I would have said the same thing, at the time they were releasing them and for the price.
      When the price dropped, then yes NOW, its a good thing and reasonable.
  • I guess being a student has changed in the year since I graduated

    Seriously, the vast majority of students need something that they can write some papers on, and use the internet. That's it. A Lenovo with their fantastic keyboards would be much more appropriate, and come in much more affordable.
  • Most of the smart students with Apple's run Windows

    So, how to be an Apple elite, and still be competetive and be able to keep yourself marketable? Buy an apple and run windows like most of the 'smart' college kids do. Face it, MacOS is never going to be competetive in the business world because it just doesn't have the software support and it never will. For rich college kids, sure buy the Mac, put Windows on it so you can keep marketable and still look cool to the PC kids. Take a look at some of the big college computer labs that Apple has dumped their computers on, most of them are running Windows - kind of funny how Apple's have built in support to run Windows, yet they won't allow anyone else to run their software, that in itself is a reason they continue to hover in the single digits of market penetration for computers (and for those who are going to bring it up, iPads are NOT computers)
    • iPad

      Yes...No way a tablet only would get you through college
    • "Apple's with Windows"?

      Based on that punctuation, I hope you're not including yourself in the group of "smart students"!

      I'd be intrigued to know what crucial "software support" you think is missing from the Mac OS X system. OS X is fully certified UNIX - the OS which has been the mainstay of academic computing for thirty-odd years.

      It's nice that Apple hardware supports Windows, but it's a shame that Microsoft has modified the EFI standard to exclude other operating systems, such as GNU/Linux. Microsoft are up to their old monopolistic tricks again, and so soon after being fined $7 billion by the EU for anti-competitive practices.

      Finally, iPads are computers, given the standard definition of the word. (Look up Universal Turing Machine.) However, personally, I wouldn't want to do a degree with an iPad alone.
  • Not sure what student can afford that??

    OK if my daughter came to me wanting a computer for college the Macbook Pro with retina would be the last one I would recommend. I don't know how much money you think people have. But spending that kind of money on a laptop for college is for those 1%. I guess maybe your that 1%?
    For one think the Macbook Air does everything a Macbook Pro retina does for half the price? In fact if my daughter or son was not a huge Apple fan I would probably even consider a PC laptop in the range of $600 which if damaged or stolen I would not feel so bad about. Something not so fragile as a Macbook Air or a Macbook Pro Retina.
    • re: affordability

      I see a lot of comments here about the stereotypical "broke college student" and how it's crazy to spend more than $600 or so on a computer for college. But at the same time? How much is tuition for these courses? How much does the typical semester of textbooks cost? All of a sudden, investing a little more on a good portable doesn't strike me as so unreasonable!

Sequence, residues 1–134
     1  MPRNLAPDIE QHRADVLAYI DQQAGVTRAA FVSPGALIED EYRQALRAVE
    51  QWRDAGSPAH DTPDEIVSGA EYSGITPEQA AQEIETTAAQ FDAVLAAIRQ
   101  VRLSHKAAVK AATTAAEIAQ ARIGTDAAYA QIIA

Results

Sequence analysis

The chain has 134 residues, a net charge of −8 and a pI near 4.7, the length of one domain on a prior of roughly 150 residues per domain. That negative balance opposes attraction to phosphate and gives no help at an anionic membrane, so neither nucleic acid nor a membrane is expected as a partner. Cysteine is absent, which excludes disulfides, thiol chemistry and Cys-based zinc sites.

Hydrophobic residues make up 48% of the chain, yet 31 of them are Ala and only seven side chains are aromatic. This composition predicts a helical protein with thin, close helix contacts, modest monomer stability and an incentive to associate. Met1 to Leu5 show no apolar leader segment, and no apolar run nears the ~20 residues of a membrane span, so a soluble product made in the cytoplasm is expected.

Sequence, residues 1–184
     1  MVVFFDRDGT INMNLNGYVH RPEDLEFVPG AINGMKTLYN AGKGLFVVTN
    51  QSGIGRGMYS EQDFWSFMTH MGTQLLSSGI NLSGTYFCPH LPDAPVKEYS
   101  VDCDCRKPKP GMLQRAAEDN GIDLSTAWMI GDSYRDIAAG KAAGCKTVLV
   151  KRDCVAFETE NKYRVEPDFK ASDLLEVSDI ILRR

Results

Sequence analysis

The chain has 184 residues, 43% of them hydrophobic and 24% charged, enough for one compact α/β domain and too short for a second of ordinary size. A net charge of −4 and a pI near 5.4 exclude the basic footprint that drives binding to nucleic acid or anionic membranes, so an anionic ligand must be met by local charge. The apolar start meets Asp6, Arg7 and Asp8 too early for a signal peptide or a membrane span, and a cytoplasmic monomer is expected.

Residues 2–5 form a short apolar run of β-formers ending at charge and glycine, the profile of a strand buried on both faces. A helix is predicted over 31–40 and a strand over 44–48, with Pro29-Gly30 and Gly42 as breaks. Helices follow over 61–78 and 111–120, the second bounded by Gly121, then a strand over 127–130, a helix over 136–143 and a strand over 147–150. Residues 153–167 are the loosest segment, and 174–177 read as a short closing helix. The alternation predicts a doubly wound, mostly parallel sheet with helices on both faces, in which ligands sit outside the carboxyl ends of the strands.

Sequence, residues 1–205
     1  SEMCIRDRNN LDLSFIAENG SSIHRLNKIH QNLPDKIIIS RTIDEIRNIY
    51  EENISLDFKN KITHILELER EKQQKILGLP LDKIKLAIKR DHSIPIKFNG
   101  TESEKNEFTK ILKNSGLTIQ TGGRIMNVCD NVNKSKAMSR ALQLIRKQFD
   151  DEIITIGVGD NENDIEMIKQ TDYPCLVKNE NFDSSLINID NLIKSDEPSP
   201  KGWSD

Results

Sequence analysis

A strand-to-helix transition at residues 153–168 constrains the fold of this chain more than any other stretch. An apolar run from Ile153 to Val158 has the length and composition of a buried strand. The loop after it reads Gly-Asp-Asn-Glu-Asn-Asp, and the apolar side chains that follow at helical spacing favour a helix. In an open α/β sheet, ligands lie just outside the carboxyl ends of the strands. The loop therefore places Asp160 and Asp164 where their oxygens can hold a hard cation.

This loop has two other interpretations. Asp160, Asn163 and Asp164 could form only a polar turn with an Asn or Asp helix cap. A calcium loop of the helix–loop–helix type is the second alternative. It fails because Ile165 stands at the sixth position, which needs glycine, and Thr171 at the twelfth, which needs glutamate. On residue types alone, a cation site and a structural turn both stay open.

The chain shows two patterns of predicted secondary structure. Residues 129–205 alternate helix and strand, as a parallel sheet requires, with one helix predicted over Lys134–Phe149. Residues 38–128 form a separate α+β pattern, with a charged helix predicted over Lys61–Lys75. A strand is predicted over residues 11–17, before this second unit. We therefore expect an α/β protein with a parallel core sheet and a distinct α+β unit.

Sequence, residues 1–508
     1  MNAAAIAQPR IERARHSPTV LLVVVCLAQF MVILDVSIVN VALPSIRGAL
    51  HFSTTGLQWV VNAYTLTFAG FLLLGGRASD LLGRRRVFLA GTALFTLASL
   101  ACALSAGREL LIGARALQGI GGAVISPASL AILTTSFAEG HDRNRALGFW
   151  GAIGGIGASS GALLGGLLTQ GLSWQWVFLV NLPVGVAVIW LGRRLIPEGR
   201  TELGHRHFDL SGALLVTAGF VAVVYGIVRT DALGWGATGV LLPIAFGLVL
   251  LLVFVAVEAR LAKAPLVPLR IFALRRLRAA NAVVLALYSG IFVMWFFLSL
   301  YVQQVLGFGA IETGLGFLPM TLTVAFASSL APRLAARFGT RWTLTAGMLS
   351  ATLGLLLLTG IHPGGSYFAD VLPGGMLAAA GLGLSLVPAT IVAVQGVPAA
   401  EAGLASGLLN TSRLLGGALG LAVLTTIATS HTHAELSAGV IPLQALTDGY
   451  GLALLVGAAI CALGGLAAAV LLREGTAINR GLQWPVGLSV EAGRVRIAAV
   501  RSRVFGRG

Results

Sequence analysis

College is EXPENSIVE .... and frankly, I think it's just money down the drain for some of the people who sign up for it. We've been collectively brainwashed for far too long that you "need a college education" to make a decent living. In reality, it's always surprised me how often I ran into people I thought were amazingly intelligent, resourceful individuals who it turns out didn't even go to college, or dropped out in the middle of it and never looked back. It's also surprised me how often I've dealt with managers and vice-presidents who can't compose proper sentences in their emails and can't spell basic words.

      But if you're going to attend, why deal with some bargain priced plastic-y Windows-based laptop that's liable to be crippled with spyware and virus problems in the first year of use? To me, going cheap on your primary computer is like buying the cheapest shoes you can get. You rely on them daily, probably for many hours ... and you're going to suffer if you cut corners.

      I'm not saying the retina display MBP is the *one* to buy. It may or may not be, and a lot depends on your personal preferences. I'm just saying it makes sense to spend a little more for something you actually enjoy using each day and you can count on as reliable. I think the Macbook Air really is a great choice for many people. Its weakest spot is graphics capabilities, which hardly matter if you're not going to play 3D games on it or try to use it as a video editing/production workstation (a bad idea anyway).
  • No, just no.

    What comes to mind when most people think of college? Generally, it's drunken parties and condiment sandwiches. The college student with rich parents that can buy them whatever they fancy is rare. If your parents can afford to buy you a 2-3k laptop without blinking an eye, then sure, go for it. I personally never spent over 1k for mine (and really, only that much because I wanted the power to do a lot of other non-school related things). Unless you're in a very specific field that needs a lot of processing power (which isn't a lot of them), then you're better off with something much cheaper. Hell, I'd even go as far as saying the Macbook Air would be better than a MBP for a student because you're going to be lugging it around campus (not that I'd really touch any Mac personally. I got my fill from my iPad of Apple stuff).